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Abuse support and sex education sites blocked by ISP porn filters

Internet filters introduced by the UK’s four major ISPs are also blocking access to sites offering sex education and support services for rape and domestic abuse.

TalkTalk, Sky and BT have all introduced filters. BT’s was introduced earlier this month whilst TalkTalk’s has been in operation for more than two years. Virgin Media have introduced a pilot programme ahead of a full roll-out in 2014.

In a report from the BBC all three currently-operating filters were found to work erratically: TalkTalk’s failed to identify 7 per cent of websites with adult content, but blocked content including the award-winning sex education site and Edinburgh’s Women’s Rape and Sexual Abuse Centre.

Sky’s filter blocked 99 per cent of the 68 adult sites tested, but also blocked six sites offering advice to individuals addicted to pornography. Sites blocked by BT’s filter included those dedicated to tackling domestic abuse (Reducing The Risk and the Domestic Abuse Helpline) and others that offered sex education advice.

The introduction of family filters has been backed by Prime Minister David Cameron, who spoke in July about the need to stop children “stumbling across hardcore legal pornography”.

Mr Cameron also noted that he disagreed with Jim Gamble, the former head of the Child Exploitation and Online Protection Centre (Ceop), who argued that internet filters of legal pornography do little to deter paedophiles operating in the “dark corners of the internet on peer-to-peer websites.”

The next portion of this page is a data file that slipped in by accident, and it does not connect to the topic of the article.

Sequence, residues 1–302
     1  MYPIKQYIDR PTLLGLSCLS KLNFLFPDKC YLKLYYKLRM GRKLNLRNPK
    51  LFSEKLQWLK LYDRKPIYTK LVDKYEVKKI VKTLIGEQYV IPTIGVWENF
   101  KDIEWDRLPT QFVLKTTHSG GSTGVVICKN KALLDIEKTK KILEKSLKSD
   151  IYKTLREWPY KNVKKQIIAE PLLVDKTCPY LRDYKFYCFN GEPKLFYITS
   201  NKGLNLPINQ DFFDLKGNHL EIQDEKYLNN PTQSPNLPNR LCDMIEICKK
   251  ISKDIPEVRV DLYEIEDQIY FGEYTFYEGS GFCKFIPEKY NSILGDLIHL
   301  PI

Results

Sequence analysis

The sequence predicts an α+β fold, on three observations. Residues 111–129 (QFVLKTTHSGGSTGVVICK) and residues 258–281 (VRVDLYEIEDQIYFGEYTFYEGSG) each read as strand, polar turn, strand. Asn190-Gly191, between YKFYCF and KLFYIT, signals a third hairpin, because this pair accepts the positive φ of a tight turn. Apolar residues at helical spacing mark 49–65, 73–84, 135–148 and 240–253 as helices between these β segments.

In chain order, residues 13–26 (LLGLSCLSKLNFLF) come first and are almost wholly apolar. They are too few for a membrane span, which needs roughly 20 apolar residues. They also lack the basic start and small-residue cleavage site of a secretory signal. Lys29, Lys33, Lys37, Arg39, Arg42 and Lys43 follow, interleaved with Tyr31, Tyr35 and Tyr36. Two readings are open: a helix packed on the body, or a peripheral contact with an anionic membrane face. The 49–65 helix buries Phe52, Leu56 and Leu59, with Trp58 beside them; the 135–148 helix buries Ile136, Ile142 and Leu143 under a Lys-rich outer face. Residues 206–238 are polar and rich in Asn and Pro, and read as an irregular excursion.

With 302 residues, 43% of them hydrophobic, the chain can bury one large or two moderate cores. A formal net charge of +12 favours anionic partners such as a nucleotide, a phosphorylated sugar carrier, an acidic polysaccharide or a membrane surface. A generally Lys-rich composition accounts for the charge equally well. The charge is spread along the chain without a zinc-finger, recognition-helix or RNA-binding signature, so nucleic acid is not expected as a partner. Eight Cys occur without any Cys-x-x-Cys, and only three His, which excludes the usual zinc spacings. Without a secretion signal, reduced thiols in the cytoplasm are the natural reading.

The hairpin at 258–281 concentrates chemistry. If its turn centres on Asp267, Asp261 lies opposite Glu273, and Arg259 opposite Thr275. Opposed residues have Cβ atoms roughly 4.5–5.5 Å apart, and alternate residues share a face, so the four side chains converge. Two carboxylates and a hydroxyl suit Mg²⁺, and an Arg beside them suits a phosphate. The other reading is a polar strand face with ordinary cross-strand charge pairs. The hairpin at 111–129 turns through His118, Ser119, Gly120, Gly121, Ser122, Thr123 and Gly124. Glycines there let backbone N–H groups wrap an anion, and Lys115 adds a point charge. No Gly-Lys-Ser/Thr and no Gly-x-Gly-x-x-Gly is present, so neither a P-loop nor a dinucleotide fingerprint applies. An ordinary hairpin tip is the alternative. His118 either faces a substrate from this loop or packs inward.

Mike Deri Smith, the freelance journalist who conducted the research for the BBC, noted that the reason for ISPs blocking sex education sites was likely due to the use of third-party blacklists.

“Sometimes these are American companies that have slightly different cultural values to us,” Mr Smith told The Independent. “For example, they might offer to block sex education sites for parents that want to deal with the topic at home.”

“This means that ISPs don’t always have direct control or immediate access to what gets blocked.”

Mr Smith also noted that it was unsurprising that the method used to create these filters – scanning sites for the use of sex-related keywords – flagged up false-positives, but that the ISPs can now put more energy into creating a strong ‘white list’ of approved sites.

The government also announced last month that they would be implementing a similar filter for “extremist” content. After the killing of Drummer Lee Rigby in May this year, Cameron promised to “drain the swamp” of Islamic extremist material breeding acts of terror in the UK.

However, ISPs and freedom of speech advocates are worried that these new measures could lead to the blocking of content that is “extremist” but not illegal.

"There is always a concern about mission creep," an anonymous source from a major ISP told The Guardian. "When it comes to incitement it's not as clear cut as child exploitation. If there is a robust appeals process, that could potentially overcome some of those concerns."

It's not known exactly what measures will be introduced, though it's understood that the model will be similar to that used to tackle child abuse, with a third-party body partly funded by the industry flagging sites for ISPs to take down. The government is expected to announce more details shortly.